A learning curve will begin for teachers, administrators and students alike if the Hilliard school district has to declare another calamity day.
The district has used all five of the calamity days Ohio law currently affords public schools.
If another is needed, it will mark the first time the district will use a relatively new "blizzard bag" program, in which teachers post assignments online and students have two weeks to complete the assignment and demonstrate knowledge of the subject matter.
The program can be used to recover up to three days of canceled classes, according to state law.
Blizzard bags have been in use in Ohio for two years, but Hilliard has never used the program, Morris said.
This year, because many districts have exhausted their five-day allotment, the State Board of Education took steps to allow districts to begin using the program during the middle of the school year.
"We think this will be a good solution for us this year," said district spokeswoman Amanda Morris.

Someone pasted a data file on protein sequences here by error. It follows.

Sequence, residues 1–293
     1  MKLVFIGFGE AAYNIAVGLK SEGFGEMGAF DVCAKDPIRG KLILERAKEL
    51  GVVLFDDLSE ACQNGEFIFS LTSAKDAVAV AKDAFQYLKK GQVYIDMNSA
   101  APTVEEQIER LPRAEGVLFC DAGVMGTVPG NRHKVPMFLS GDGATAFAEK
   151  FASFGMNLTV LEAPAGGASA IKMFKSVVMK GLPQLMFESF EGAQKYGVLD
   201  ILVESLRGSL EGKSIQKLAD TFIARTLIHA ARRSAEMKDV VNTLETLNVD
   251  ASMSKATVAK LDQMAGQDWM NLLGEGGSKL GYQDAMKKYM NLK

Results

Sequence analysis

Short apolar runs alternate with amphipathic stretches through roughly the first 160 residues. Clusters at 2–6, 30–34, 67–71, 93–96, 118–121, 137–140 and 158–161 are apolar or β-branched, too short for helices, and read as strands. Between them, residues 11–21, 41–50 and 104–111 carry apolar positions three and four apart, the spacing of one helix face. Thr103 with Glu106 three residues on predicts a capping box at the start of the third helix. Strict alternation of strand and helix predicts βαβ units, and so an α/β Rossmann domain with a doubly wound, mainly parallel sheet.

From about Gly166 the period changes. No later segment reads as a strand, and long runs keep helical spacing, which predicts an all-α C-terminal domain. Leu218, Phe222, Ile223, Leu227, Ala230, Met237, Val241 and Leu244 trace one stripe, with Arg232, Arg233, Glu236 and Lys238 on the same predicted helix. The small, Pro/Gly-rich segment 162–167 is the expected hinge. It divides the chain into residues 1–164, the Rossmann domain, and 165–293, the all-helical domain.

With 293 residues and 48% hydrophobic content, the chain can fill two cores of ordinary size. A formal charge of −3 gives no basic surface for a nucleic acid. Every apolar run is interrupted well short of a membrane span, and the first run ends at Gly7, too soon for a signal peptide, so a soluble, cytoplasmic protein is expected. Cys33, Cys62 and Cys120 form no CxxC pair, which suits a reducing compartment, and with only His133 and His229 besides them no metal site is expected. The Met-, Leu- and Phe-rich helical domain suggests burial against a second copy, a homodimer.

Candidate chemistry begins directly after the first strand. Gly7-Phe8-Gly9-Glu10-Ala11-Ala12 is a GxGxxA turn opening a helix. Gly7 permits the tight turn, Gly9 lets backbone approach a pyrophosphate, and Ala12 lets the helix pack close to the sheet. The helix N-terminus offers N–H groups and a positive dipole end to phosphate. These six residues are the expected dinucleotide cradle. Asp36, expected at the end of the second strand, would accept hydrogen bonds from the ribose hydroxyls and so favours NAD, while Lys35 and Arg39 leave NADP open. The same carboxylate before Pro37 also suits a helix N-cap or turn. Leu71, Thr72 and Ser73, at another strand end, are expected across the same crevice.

But there could be a learning curve, she said.
"We anticipate there may be a few bugs in the system," Morris said. "We've never used this option before, so we will naturally have a learning curve for everyone."
How the blizzard bag is communicated might vary among classrooms.
"Whatever channel the teacher normally uses to share information with students and parents is how the teacher will communicate the assignment for blizzard bags," Morris said.
Assignments will be posted by 11 a.m. on a calamity day, Morris said.
Some Hilliard schools, such as Avery Elementary School, already have posted information about where to find blizzard-bag assignments.
"Other schools may wait and post the information on the day of the calamity day," Morris said.
If a student does not have Internet access, he or she will receive the assignment upon their return to class and have the same two weeks to complete the work, Morris said.
As an alternative to blizzard bags, Gov. John Kasich recently asked the state legislature to consider adding calamity days for this school year.
Morris said she was not aware of the bill's timing, so district officials still plan to use blizzard bags to prevent makeup days in June.